Cloud Computing

SuiteWorld: The Happy Accident of NetSuite's Expansion

During his keynote at this year’s SuiteWorld, NetSuite founder and CTO Evan Goldberg did an elaborate skit involving Breaking Bad. But while any penchant for Meth amongst the workers wasn’t addressed, it’s fair to say the company is addicted to growth. From headcount to revenue, to the amount of data passing through CPUs, every graph we’re shown has an alarmingly upward trajectory.

Is it sustainable? Probably not at 30% year-on-year forever – but there’s still a whole world out there. Whether it’s Europe, the $100 billion companies, ‘the smart startups’ or the Internet of Things, NetSuite and its CEO, Zach Nelson, think they’ve got what it takes to become a powerful Cloud company, and make its customers powerful too.

While the Cloud means any company can go global straight away, it doesn’t always work like that. For now NetSuite is based mostly in English-speaking companies, but there is a big drive into Europe on the horizon. “When you start in a new country, it's like starting a new SaaS business,” Nelson explains “You have to put $5 million in at the start and because of the recurring revenue model it takes five years to actually pay that back.”

This meant the company historically took a more pan-Europe approach with a UK focus, always waiting to make a move into other countries, such as Germany. “Because now the company is bigger, those decisions are much smaller than they were when we were small,” says Nelson, “so Germany may actually be [the big focus] next year. We haven't just limped into these places, we know that when we go, it's a big investment.”

“When you start in a new country, it's like starting a new SaaS business; You have to put $5 million in at the start and wait five years.

The company is keen to stress throughout, it has plans for two new European data centres. This will help remove various issues surrounding which country any data is hosted in. “We still have lots of European companies storing data in the US,” says Nelson “but it will change the dynamic of the type of company we can sell to.”

Throughout the various keynotes, we’re told it’s not uncommon for NetSuite to be deployed separately onto different legacy systems – a two tier approach, often among the enormous $100-odd billion companies which make up its client base. But will two ever become one? “Probably. When will they replace it? When that nasty call comes and the SAPs and Oracles of the world say, ‘we're no longer supporting that version’.”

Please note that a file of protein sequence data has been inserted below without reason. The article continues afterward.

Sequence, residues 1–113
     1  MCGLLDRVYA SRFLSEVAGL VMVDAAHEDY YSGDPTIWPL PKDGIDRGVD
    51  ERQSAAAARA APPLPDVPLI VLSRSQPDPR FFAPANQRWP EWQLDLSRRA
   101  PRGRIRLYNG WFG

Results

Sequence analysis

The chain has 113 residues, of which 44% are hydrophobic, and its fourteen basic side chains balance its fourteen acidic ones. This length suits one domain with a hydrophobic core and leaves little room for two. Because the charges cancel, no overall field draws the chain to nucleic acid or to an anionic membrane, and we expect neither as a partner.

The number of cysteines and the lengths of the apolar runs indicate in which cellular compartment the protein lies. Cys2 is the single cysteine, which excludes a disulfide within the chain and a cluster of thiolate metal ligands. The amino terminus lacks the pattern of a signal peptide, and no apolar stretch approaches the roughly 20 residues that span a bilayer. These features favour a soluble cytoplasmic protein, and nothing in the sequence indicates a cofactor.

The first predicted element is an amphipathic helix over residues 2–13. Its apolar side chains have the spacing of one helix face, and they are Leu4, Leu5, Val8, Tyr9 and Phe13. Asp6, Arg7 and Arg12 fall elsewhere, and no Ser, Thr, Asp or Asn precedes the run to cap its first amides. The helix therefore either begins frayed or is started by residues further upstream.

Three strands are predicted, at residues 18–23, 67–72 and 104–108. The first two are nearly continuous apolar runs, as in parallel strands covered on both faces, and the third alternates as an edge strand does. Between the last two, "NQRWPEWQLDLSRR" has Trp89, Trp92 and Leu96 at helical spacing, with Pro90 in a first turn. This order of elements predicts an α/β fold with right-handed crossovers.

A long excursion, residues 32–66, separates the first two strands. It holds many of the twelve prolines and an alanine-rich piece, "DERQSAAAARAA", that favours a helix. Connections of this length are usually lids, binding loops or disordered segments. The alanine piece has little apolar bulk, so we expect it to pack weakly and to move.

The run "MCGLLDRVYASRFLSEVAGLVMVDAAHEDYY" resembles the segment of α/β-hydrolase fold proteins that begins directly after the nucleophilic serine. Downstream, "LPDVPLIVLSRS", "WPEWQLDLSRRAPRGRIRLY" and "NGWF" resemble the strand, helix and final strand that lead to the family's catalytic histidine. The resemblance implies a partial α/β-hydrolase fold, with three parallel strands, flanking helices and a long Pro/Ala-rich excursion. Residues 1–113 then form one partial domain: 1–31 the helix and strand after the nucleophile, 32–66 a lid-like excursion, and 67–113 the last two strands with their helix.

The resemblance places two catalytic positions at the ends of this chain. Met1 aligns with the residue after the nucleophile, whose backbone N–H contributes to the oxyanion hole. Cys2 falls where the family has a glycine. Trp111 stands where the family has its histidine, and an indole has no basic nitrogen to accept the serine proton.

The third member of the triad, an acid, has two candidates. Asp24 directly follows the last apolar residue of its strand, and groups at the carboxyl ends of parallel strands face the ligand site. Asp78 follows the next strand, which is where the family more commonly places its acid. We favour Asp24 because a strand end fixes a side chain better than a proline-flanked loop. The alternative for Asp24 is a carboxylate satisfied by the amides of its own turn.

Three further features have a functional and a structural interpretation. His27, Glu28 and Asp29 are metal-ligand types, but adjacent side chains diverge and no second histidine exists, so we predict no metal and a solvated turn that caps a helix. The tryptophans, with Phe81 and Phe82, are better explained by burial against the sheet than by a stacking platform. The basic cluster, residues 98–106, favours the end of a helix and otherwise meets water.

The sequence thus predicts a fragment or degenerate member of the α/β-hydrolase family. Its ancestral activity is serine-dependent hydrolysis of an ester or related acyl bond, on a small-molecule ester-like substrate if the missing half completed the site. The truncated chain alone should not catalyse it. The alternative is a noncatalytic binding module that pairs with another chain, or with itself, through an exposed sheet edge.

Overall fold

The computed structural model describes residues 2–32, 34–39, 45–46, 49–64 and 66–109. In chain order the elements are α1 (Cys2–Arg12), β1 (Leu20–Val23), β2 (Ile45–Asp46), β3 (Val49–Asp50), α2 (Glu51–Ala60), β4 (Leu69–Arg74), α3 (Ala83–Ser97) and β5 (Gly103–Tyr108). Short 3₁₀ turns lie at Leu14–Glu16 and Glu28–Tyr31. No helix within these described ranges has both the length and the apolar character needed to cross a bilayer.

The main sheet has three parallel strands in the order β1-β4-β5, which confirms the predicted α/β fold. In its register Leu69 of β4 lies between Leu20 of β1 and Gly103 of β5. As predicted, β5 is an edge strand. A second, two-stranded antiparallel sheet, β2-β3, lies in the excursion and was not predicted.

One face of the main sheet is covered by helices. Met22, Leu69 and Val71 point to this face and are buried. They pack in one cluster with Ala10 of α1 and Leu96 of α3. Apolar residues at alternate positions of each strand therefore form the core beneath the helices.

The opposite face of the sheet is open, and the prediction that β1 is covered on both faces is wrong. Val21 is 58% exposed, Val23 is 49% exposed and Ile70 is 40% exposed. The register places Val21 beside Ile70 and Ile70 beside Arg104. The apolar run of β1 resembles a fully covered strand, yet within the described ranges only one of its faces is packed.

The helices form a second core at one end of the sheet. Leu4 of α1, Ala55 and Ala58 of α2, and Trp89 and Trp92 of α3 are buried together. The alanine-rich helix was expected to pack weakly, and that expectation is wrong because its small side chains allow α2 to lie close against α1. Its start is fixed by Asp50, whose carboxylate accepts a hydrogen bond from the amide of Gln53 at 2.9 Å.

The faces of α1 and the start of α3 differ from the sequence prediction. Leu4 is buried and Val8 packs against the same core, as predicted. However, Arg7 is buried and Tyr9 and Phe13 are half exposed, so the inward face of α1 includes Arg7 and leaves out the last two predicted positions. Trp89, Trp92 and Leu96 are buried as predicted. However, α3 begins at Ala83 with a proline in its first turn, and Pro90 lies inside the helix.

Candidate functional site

Since switching versions is often like a complete re-implementation anyway, Nelson believes the company is well placed to take over as it’s often when support ends for the various legacy parts that decide to fully embrace NS. While those are the kinds of companies at the top end of the enterprise space, ‘the smart startups’ already use NetSuite. “That was our heritage. If you look at a lot of the companies we put up on the board, a lot of them started as startups. GoPro started when they were two guys.”

So what makes the company so dominant and so confident that it has got what no one else can offer? Apparently it’s just luck and good timing. “It was a happy accident of our first customer bases that got us to this point. If you think of when we started the company in 1998, no one ever thought they'd put their mission critical applications in the Cloud, nobody wanted to, they were afraid of security,” says Nelson.

Two industries where the fear was outweighed by the need for accessible applications anytime, anywhere were distributors and service providers - people who sold time. “Those were the first two industries that came to us, and now those customers have huge input into what we build next, so suddenly you start to build up enormous functionality for both of these industry groups.”

“Companies that did choose to make software for these markets chose to make them separately. Fast forward 15 years to today, and now these guys are now starting to become very much crossed over - things become services and services become things. Nobody's ever built a system to manage things and time.”

No one will really ever solve this problem other than NetSuite, because nobody has the visibility.

“We happened to do it frankly as an accident of our first customers, and now as time has moved on, these companies have had enormous overlap, and so there's no one who will really ever solve this problem other than NetSuite, because nobody has the visibility.”

“It's the hardware guys that really drove this complexity,” he continues, “where a hardware company used to just sell and distribute hardware, and it was a pretty straightforward business model, now these guys are selling hardware and software bundles.”

That covers the past and present, so what about the future? Nelson mentions how the traditional view of ERP is changing, and to be successful everyone needs everything in once place. “The powerful companies on the Cloud are companies aggregating lots of data; Facebook, LinkedIn, Twitter. They're mining that data in a single place. Businesses are probably the least powerful places on the planet because all of their data is spread all over the place.”

“[So] it's less about NetSuite becoming powerful,” concludes Nelson “and it's really more about customers becoming powerful and aggregating data about their customers in one single place.”




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Dan Swinhoe

Dan is a journalist at CSO Online. Previously he was Senior Staff Writer at IDG Connect.

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